Cold comfort indeed, but the upside of John Bolton resigning as ambassador to the UN is that the UN does not deserve to be dignified by ambassadors of the stature of John Bolton. His presence there endowed the place with a seriousness it has not earned. Bolton has been valiant in his efforts to clean up UN corruption and malfeasance, and follow UN procedure in dealing with such threats as a nuclear North Korea, a Hezbollah bid to take over Lebanon, and the nuclearization of Hezbollah’s terror-masters in Iran. But it has been like watching one man trying to move a tsunami of mud.
I’m reminded here of an episode from the historical novels of Robert Graves about the life of the Roman Emperor, Claudius, who tried to reform the empire. Toward the end, as Graves interprets it, Claudius concludes that despite his best efforts, Rome cannot be redeemed. Is too far gone in autocratic decay. Claudius figures that before things have any chance of getting better, they must get even worse. So, he lets the throne pass to Nero. Rome burns.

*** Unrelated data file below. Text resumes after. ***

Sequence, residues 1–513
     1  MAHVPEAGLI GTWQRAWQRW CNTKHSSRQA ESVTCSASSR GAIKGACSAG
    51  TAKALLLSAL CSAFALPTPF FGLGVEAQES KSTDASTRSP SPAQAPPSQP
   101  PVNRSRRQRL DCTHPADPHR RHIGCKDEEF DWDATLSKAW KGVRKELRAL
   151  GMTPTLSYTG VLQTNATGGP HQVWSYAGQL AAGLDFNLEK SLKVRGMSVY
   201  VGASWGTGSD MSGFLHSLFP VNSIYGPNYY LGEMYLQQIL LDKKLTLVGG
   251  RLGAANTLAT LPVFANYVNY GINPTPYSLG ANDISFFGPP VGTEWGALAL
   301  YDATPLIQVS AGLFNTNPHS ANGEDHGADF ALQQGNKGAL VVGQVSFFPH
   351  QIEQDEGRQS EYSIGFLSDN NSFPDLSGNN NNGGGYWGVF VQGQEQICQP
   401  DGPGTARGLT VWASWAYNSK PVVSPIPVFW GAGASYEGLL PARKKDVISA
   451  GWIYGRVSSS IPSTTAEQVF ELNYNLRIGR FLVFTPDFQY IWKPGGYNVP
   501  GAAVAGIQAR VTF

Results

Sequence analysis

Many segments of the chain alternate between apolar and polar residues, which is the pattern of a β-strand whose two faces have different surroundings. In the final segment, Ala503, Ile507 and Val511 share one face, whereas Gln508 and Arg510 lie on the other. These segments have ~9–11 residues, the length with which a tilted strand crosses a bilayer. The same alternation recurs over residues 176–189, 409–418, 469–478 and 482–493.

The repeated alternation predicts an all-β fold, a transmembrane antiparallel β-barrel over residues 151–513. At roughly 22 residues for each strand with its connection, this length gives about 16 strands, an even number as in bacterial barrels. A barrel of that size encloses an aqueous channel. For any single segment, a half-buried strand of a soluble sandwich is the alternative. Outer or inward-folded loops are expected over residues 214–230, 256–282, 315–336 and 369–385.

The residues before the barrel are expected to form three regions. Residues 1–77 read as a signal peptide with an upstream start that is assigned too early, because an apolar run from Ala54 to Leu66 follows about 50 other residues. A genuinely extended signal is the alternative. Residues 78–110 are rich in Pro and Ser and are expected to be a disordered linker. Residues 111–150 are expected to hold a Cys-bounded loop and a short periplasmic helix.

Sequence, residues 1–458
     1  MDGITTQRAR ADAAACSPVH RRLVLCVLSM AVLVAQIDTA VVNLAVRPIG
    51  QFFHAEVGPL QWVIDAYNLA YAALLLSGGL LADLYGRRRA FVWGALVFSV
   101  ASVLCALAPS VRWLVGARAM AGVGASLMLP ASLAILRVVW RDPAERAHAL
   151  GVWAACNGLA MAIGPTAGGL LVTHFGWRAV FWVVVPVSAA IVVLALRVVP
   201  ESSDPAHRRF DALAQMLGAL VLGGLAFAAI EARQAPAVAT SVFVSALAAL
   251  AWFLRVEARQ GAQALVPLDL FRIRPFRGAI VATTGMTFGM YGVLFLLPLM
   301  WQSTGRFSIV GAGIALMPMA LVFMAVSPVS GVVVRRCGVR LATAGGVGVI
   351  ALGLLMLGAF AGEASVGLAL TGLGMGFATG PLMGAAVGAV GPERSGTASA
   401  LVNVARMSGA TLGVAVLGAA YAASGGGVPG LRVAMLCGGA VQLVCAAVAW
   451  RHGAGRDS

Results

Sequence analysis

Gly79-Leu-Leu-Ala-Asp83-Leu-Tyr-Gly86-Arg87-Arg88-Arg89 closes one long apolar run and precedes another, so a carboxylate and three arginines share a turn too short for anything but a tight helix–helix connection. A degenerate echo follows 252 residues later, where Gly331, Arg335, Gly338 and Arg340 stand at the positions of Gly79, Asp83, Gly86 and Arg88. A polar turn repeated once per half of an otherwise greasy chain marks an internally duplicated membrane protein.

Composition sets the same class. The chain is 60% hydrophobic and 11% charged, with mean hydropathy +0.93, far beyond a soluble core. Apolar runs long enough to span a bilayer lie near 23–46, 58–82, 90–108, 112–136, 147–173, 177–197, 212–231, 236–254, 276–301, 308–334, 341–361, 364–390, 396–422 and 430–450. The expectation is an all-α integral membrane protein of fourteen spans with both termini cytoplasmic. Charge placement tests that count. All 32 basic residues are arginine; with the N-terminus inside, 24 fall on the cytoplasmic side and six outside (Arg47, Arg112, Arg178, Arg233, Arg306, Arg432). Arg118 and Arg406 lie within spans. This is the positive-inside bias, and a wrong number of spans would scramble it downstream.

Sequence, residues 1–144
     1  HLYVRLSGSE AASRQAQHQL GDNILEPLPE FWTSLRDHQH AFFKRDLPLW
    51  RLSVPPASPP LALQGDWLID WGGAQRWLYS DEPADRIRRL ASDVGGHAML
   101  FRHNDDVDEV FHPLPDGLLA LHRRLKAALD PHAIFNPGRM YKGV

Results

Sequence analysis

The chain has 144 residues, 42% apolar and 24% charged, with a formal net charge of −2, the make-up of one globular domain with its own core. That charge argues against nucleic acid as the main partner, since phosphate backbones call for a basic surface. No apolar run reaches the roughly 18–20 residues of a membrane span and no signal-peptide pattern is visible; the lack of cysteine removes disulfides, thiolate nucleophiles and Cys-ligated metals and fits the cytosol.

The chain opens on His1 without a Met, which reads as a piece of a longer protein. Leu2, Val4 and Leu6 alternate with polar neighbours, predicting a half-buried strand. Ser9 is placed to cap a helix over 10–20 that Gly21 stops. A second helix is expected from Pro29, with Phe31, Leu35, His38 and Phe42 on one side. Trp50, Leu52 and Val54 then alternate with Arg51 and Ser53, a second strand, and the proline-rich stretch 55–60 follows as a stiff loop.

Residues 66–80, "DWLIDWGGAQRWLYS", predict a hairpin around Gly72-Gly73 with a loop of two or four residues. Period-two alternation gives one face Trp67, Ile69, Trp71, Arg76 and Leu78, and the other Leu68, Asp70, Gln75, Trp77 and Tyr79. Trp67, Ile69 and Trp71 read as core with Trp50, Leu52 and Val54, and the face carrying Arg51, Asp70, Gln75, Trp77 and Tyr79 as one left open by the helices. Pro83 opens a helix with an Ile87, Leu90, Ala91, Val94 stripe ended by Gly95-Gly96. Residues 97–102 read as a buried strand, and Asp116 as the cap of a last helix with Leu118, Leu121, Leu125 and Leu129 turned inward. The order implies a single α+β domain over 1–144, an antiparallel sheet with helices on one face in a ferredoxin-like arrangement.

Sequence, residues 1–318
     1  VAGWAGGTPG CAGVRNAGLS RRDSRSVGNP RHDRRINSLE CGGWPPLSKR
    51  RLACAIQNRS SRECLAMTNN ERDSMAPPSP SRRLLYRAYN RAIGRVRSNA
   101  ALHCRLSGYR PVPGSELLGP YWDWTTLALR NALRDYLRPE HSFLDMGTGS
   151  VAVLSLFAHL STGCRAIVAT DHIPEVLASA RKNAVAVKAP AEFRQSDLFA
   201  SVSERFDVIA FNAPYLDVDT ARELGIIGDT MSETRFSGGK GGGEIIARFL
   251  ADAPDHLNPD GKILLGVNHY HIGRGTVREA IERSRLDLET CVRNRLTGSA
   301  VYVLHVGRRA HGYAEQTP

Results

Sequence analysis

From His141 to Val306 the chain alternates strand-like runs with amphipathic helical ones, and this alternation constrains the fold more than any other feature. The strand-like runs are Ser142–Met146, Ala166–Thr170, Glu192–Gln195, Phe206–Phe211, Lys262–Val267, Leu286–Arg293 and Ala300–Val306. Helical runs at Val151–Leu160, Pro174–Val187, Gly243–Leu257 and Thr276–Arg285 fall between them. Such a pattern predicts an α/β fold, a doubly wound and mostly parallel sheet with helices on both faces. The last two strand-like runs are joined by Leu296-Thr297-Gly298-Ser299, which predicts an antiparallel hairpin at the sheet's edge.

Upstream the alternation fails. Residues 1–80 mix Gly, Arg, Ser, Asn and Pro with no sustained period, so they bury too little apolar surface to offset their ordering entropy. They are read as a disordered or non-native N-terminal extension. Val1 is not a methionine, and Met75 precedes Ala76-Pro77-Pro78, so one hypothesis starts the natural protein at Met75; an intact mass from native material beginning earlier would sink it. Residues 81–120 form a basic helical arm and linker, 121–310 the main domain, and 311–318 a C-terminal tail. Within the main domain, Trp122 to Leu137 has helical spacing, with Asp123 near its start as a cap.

The immediate obstacle to Bolton’s confirmation was the Senate Foreign Relations Committee. But the larger problem is that the UN is a place where straight-shooters, especially anyone who unabashedly stands up for the interests of the Free World — especially the interests of America — will be undermined and pilloried.
The big question now is whether President Bush will understand the lesson of sending Bolton to Turtle Bay, and recognize the folly of trying to work in good faith through the UN. Founded with the aim of promoting peace, the UN is a collective, which predictably enough has morphed into a machine for promoting and expanding itself — captive of special interests ranging from the left-wing of American politics, to the corrupt bureaucrats within its own ranks, to the dictators of places such as China and the Middle East. Something to consider: The U.S. pays some $420 million per year in dues to the UN, but then lavishes close to another $5 billion in “voluntary” contributions on UN operations — some of them profoundly anti-American in leadership and intent. If Bush can’t have his chosen ambassador on hand to keep an eye on such stuff, why keep the optional billions flowing?